Running sucks. That’s why I do it.
I never imagined running would become the “thing that saved me” but it did. It saved me from boredom and gave me some fitness goals. Starting at 46 (I ran a little in college, but I didn’t love it, and if I’m being honest, it was a bit for show) I never thought it would become something I actually wanted to do…something I looked forward to…something I craved 3 or 4 times a week. After several months of willing myself to do it, I came to that miraculous stage, the place that any runner will tell you is the point of no return. You are simply a runner now, and that’s just the way it is. Which makes me wonder: What is it, what could it possibly be that puts it ahead of any other form of exercise in terms of what you get for what you put in? Endorphins, yes, of course, but other exercise can get you there. Running is different. It just is and I get it now. Here’s what happens when you become a runner:
Running makes you feel like an athlete – a genuine, “my body is a well oiled machine” working, pumping athlete. It makes you feel strong and capable and authentic. This, in turn, makes you feel sexy from the inside out.
When you’re done running, any distance, it feels like an accomplishment. It feels like an accomplishment because it is.
Running is a commitment. When you keep your running commitment, you are continuing to “commit” to yourself and your health. You’re doing it without a club membership. And guess what? You really, really can WALK (you are allowed my friend) some of your miles for the day if you have to or simply want to because you are in charge of your own damn self. Miles are miles.
If you bundle up you can run all winter long as long as the roads are clear. My coldest run this past winter was 15 degrees. After the first mile, you honestly don’t even feel it. In fact, for running, I prefer the cold to the heat any day of the week. It can be done so don’t use winter as an excuse to stop.
When you become a runner, your legs completely change into these hard muscled, chiseled shanks. They become magazine spread worthy. Your thighs and calves actually flex when you cross your legs and people marvel. In high pitched, breathy voices they will ask you, “how did you get those legs!?”, and you will reply softly, demure, “well, I’m a runner.”
You work out problems (big and small) as you chug along. Your mind can go wherever it wants (even if you are listening to music). And even if you don’t figure out how to handle your problems during a run, at least you feel better about addressing the situation when you are done. Endorphins put you in a state of calm so you can be a better communicator. I have had some of the best and most productive conversations with myself during the last few miles of a run but I’ve toned down the hand gestures to keep from scaring people.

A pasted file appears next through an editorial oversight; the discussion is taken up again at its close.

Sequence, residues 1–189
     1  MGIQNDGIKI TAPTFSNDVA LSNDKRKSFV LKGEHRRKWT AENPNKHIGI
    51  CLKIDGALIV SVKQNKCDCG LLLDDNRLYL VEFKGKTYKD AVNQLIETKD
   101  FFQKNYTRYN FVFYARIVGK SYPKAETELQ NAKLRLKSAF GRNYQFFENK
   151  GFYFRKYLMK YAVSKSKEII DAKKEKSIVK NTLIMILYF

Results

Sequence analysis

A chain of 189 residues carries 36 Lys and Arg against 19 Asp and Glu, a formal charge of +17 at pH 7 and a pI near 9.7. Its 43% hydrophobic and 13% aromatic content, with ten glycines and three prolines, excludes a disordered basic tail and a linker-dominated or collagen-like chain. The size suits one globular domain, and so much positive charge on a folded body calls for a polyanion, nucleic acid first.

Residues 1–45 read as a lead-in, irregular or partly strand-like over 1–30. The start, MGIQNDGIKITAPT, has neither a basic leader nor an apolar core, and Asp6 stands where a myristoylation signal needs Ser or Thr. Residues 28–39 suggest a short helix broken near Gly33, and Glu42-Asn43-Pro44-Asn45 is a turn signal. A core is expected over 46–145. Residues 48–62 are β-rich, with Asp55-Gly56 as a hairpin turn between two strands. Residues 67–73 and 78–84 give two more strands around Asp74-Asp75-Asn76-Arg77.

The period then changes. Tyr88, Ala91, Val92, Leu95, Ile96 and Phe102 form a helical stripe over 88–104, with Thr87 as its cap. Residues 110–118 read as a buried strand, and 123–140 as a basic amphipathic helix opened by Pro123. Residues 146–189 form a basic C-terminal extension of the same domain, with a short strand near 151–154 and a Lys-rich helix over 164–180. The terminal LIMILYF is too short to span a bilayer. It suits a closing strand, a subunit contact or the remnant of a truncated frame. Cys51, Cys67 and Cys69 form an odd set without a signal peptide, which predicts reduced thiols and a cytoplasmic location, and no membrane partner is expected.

Ten minutes after you finish, when your breath is normal and you are no longer sweating, you are refreshed. Running actually gives you energy to get other shit done. The phenomenon is such that for some reason, you’re way more motivated to do other things AFTER you’ve accomplished your run for the day. That’s the truth. And you can pretty much eat whatever you want, which is a nice bonus.
30-45 minutes and a pair of sneakers is all you really need for running – no gyms, no driving, just you and the pavement or trail. You literally need nothing else except maybe a sturdy, well-constructed sports bra. And some people (they are weirdo’s – yes I’m judging) run barefoot so you don’t even need your damn sneakers if we’re keeping it real.
Try to enjoy the “during” part of your run. Don’t wish it away and don’t look at it like it’s forever. I can honestly say, while you’re away, things will only get better. Yes, I am channeling Elton John. Crying is nice if it helps. Yeah, I don’t really know the words.
And guess what? Sometimes 4 miles feels like 8. Sometimes it sucks. But sometimes 8 miles feels like 4 and that’s just the way it goes. Sometimes you bust it out in a race, and sometimes you run a few whole minutes slower than your best effort. This, of course, can lead to elation or disappointment, life’s two greatest feelings. Elation is wonderful, we know this and we strive for more of this, but disappointment is a mistake corrector. What can you do differently? How can you be better? In running the key thing to remember is no matter how it actually feels (difficult or easy, slow or fast), there’s no greater feeling than the one you have when you are done. Done with a run, or done with a race, done = done and that’s the goal.
I willed myself into becoming a runner. People who know me well know that becoming a runner was 25 years in the making. 25 years of joining and subsequently quitting health clubs, exercising infrequently, dieting every damn day and getting nowhere. It was the definition of ridiculous. Running has saved me from that vicious cycle.
Now I just do it, I run, even when I don’t want to, even when it sucks. It takes me less than an hour and I’m done for the day. I’m not making excuses. I’m running instead.